Every child in foster care must have a social worker. They will make sure you are safe and happy. You can talk to your social worker about anything you want.

A doctor / LAC nurse

When you first come into foster care you will see a doctor or a LAC (Looked After Children) nurse for a health check up to make sure you are well.

The LAC nurse will see you again (depending on how old you are) either in six months time or once a year to make sure you are still OK.

Your foster carer will help you stay well too they will make sure you are registered with a doctor and a dentist. If you are worried about your health in any way or you would like to speak to the LAC nurse, please talk to your foster carer or social worker.

Independent visitor

If you are aged between five and 18 and have little or no contact with your mum and dad then you might be able to have an independent visitor. They are not social workers, they are trained volunteers who will treat you to activities and events that you will enjoy.

You will have a say in the sort of person you would like to see and we will do our best to meet your requests. You will have the chance to meet them and then decide whether you think this person is right for you.

What is a LAC review meeting?

There are lots of meetings when you are in foster care to make sure you are happy and healthy. A LAC review meeting is where you and all the adults helping you to: get together to talk about how things are going and make future plans.

You will be part of these meetings and will be asked how you feel and what you would like to happen. If you don’t want to go to a meeting, you can talk to your social worker who will then share what you want to say to the people at the meeting.

Official information Children’s Rights and Advocacy Services

They provide the children’s rights and advocacy service for all young people entitled to receive support from Medway Children’s Social Care.

An advocate is someone who will listen to your concerns and will work with you to find ways to put things right. They will help you at important meetings either speaking on your behalf or helping you so that you can speak up for yourself. The service is free for you to use, confidential and independent.

Address: 71 College Road, Maidstone, Kent ME15 6SX Phone: 01622 683815 Email: advocacy@ylf.org.uk

Medway Children in Care Council

Medway Children in Care Council is a group of young people in and leaving the care of Medway Children’s Social Care. They have formal meeting every four months which is a forum where young people can discuss issues and concerns, improve and influence services and interview and train professionals.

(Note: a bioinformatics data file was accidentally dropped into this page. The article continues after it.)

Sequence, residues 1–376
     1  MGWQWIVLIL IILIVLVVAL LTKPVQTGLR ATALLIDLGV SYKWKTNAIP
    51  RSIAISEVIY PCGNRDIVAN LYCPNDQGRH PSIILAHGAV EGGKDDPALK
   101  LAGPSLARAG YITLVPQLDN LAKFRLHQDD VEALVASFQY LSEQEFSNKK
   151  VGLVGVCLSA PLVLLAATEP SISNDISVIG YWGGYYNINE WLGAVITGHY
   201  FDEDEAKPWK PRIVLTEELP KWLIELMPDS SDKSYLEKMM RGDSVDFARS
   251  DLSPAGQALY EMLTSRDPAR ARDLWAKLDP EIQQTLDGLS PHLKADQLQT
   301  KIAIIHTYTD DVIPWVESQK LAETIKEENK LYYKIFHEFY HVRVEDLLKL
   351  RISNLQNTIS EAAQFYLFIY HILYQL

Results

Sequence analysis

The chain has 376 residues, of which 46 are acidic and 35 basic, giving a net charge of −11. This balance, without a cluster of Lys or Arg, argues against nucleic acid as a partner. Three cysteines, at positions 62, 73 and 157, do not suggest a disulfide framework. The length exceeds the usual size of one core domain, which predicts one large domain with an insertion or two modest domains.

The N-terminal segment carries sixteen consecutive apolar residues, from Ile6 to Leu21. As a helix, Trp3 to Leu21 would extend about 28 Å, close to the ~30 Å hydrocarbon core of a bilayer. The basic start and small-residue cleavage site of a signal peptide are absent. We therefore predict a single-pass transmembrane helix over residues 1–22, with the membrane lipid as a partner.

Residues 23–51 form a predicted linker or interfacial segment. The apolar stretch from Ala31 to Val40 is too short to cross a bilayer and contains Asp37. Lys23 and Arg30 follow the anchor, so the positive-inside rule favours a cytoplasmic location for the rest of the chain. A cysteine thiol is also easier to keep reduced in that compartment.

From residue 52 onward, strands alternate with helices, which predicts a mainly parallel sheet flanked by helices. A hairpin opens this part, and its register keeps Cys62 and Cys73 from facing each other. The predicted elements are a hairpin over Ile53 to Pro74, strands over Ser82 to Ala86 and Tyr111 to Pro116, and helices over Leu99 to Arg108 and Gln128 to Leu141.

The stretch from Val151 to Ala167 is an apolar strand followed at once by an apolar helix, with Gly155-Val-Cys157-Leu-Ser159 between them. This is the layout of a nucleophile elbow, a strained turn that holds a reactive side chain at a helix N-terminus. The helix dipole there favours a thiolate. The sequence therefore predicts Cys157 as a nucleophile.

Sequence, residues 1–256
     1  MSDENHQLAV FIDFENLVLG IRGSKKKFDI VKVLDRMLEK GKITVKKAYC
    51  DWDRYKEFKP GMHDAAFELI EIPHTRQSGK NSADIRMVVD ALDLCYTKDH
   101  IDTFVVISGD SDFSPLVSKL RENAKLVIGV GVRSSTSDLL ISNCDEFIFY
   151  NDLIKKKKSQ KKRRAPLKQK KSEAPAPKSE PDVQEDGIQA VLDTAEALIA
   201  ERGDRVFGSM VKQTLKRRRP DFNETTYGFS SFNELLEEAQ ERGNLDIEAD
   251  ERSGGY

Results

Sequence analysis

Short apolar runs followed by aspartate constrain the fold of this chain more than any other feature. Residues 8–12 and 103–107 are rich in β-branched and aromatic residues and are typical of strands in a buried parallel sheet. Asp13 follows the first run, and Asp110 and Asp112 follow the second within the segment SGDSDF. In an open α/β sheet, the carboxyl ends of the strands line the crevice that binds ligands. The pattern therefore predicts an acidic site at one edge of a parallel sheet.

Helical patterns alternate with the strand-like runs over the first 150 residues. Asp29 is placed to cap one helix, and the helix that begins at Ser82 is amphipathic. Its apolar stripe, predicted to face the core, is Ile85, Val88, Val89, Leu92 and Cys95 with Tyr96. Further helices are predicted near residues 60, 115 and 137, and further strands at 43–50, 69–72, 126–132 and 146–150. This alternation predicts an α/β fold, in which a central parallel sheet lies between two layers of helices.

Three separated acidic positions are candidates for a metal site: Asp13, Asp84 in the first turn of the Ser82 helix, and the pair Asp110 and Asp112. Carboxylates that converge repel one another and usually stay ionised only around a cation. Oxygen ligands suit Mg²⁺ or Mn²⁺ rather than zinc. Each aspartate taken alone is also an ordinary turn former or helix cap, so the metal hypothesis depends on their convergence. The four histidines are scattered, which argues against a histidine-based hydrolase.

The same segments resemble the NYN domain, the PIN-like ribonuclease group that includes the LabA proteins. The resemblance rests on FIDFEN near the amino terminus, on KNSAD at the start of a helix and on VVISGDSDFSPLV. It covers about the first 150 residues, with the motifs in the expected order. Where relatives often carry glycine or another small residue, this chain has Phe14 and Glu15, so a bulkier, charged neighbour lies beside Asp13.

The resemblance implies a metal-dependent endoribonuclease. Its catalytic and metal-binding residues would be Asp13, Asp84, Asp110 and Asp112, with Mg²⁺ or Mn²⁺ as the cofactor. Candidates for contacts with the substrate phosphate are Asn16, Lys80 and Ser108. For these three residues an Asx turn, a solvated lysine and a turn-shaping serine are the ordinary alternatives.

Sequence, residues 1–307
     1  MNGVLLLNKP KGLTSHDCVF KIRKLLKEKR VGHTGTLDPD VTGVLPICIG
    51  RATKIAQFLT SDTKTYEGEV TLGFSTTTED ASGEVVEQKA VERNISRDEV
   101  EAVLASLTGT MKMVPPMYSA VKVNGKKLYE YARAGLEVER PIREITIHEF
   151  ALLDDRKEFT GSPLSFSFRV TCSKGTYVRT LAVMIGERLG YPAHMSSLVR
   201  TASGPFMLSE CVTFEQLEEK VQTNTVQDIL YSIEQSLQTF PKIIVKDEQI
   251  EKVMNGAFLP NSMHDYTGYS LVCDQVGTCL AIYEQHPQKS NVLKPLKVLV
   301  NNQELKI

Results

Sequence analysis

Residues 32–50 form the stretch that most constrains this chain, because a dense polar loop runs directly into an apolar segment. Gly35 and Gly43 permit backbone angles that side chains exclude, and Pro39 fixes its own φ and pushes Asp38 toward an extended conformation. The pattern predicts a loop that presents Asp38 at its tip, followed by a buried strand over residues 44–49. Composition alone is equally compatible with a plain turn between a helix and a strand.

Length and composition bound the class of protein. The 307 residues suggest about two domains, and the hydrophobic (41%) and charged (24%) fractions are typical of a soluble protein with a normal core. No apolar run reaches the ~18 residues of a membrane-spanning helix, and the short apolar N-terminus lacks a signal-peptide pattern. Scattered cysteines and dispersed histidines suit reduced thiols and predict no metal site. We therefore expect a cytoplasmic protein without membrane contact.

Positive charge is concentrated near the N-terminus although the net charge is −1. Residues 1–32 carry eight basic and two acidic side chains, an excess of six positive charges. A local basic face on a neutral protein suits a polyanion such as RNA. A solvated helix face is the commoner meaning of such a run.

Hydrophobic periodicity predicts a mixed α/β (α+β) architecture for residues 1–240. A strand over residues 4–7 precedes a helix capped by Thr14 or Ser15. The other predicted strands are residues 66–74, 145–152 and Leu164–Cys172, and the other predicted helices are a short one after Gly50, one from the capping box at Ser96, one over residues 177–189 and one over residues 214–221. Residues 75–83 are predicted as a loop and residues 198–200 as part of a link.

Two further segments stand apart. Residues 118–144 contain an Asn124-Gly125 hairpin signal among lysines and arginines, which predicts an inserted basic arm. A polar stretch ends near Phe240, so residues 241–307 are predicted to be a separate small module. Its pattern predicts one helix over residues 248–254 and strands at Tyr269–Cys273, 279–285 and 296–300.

Phone: 01622 683815 Email: bigdifference@ylf.org.uk

Care Leavers’ Group

A group of young people who have left care meet every six weeks. The meeting are informal and give young people an opportunity share their experiences. The group also work closely with services to make sure services are meeting the needs of children and young people. If you would like to talk to other young people about what it is like being in care the group is happy to talk to you.

Phone: 01634 332445 Email: researchandinfo @medway.gov.uk


If you want to talk to someone at any time night or day about something that is bothering you. Phone: 0800 1111 (free to use)

Children’s Rights Commissioner

The Children's Commissioner for England promotes and protects children's rights in England.

Phone: 0800 5280731 (free to use) Email: advice.team@children’s commissioner.gsi.gov.uk


Ofsted’s main job is make sure social workers, their managers and the fostering service are all working together to make sure we are getting it right for children and young people and keeping you safe. Phone: 0300 1231231 Web: ofsted.gov.uk

Thank you to all the people who helped put this booklet together S Lyn Wells

Jessica Jarrad

Steve Hook Paul Rose Karin Grayst Sherrie Bloomfield on

Ben Healey

Carole Still

ny Caryse Malo



Alicia Sharpe

ith Adrieen Sm

mber Daniel Tu Lakiya Bulte Charlotte Johnson r-Kania

Illustrations by Juli@banter.uk.net Š 2016

Profile for Juli Dosad

Your guide to foster care - Medway Council  

This Guide to Foster Care was co-produced with service users and commissioned by Medway Council. It sets out to help young people understand...

Your guide to foster care - Medway Council  

This Guide to Foster Care was co-produced with service users and commissioned by Medway Council. It sets out to help young people understand...

Profile for julidosad